Meaningful conversations and collaboration require training and practice -- just like teamwork in any other profession. Imagine professional sports teams, musicians, dancers or the military trying to do their jobs without practice and constant coaching.

Furthermore, this is how trust is built. Managers can't just flip a switch to gain trust; they have to earn it through action and building a strong working relationship. This was true pre-COVID and now has become essential.

Managing a fully remote workforce has not made things any easier during the pandemic. Working from home 100% of the time can be one of the most engaging or disengaging experiences possible for an employee, depending on how their manager handles it. When managers are able to step up and have frequent, meaningful conversations, employees are able to capitalize on the advantages of working from home. However, when managers fail to communicate, engagement plummets for at-home workers.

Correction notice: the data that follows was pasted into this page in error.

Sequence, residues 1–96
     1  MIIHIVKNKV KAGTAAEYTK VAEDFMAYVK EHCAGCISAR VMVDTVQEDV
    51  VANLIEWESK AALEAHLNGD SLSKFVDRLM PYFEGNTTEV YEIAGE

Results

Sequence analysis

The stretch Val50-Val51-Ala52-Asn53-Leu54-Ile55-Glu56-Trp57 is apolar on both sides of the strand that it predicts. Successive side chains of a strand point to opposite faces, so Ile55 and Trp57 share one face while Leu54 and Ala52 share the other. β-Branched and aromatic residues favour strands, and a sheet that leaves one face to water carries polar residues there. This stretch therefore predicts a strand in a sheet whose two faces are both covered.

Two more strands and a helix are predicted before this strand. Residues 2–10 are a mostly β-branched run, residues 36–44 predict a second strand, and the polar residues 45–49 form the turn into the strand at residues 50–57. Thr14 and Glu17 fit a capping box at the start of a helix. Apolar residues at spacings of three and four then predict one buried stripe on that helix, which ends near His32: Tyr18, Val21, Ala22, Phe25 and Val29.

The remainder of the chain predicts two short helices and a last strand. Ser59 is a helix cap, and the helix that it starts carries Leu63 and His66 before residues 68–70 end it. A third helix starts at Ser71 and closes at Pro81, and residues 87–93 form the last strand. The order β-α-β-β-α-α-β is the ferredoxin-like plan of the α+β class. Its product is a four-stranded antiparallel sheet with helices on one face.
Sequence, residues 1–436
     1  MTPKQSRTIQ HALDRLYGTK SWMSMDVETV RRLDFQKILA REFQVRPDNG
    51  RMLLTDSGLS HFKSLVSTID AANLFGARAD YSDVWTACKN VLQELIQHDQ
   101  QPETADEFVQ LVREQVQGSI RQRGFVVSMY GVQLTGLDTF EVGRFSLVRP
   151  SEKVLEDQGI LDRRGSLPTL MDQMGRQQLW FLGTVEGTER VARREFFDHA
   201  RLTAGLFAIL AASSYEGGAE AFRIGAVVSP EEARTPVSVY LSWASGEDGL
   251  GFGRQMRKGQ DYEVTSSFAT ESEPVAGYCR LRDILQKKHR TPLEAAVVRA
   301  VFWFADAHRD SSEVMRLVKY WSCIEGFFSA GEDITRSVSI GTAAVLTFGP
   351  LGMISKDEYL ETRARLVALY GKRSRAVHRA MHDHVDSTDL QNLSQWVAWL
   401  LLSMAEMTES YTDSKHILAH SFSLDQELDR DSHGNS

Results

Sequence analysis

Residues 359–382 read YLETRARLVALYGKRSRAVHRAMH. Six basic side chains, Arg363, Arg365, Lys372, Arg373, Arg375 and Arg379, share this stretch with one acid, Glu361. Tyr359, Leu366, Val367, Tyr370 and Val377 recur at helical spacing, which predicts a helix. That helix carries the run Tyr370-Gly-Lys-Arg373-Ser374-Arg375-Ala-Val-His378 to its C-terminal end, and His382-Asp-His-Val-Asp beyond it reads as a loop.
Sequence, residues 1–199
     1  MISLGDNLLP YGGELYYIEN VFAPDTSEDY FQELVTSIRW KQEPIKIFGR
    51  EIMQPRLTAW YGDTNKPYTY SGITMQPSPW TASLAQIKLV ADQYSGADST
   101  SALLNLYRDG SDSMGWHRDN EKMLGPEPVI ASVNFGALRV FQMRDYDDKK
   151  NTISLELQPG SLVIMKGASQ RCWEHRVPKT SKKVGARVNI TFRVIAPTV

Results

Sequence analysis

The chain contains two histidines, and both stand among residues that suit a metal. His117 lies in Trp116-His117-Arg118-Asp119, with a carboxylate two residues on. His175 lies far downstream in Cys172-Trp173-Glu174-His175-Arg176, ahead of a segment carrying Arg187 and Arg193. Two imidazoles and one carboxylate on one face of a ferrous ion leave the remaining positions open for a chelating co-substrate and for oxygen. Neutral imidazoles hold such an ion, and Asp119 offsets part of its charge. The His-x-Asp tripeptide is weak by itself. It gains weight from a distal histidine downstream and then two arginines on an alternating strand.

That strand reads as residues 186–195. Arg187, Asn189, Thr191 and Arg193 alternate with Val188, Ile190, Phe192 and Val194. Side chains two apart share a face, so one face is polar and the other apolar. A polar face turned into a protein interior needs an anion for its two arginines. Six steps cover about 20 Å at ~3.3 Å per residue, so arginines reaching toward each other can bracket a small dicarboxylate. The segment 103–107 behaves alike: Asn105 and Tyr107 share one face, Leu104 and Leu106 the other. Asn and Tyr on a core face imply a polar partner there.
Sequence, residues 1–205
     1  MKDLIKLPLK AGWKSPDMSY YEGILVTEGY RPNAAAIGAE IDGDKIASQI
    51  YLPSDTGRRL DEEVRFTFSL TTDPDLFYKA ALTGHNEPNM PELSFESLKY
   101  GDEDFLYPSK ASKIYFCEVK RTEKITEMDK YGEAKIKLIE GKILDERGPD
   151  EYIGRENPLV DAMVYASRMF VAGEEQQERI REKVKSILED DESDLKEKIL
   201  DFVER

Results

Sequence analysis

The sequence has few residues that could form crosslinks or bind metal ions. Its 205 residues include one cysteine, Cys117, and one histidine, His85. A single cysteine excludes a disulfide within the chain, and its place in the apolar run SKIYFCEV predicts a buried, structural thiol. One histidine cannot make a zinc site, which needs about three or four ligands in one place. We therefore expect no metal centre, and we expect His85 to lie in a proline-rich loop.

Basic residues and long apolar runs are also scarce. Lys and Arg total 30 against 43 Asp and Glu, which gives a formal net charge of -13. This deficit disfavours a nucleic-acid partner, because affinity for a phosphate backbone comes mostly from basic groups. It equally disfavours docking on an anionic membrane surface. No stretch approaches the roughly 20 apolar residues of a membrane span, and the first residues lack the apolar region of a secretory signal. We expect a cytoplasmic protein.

A line chart showing that the more frequent feedback an employee gets, the more engaged they are. This is especially true of those who work remotely. 63 percent of those who work remotely 10 percent to 80 percent of the time and who receive feedback once a week or less are engaged.

Ongoing coaching conversations will be that much more crucial to master with a widespread shift to remote work.

3. Dynamic Adjustments to Accountability and Incentives

Incentive structures that made sense before the pandemic can now seem cruel and needlessly painful for employees. They can also warp behavior, as some people may try to game the system for short-term gain. When a metric is no longer fair, employees should not be punished. Don't hold employees to a metric or incentive that doesn't make sense in the current business environment.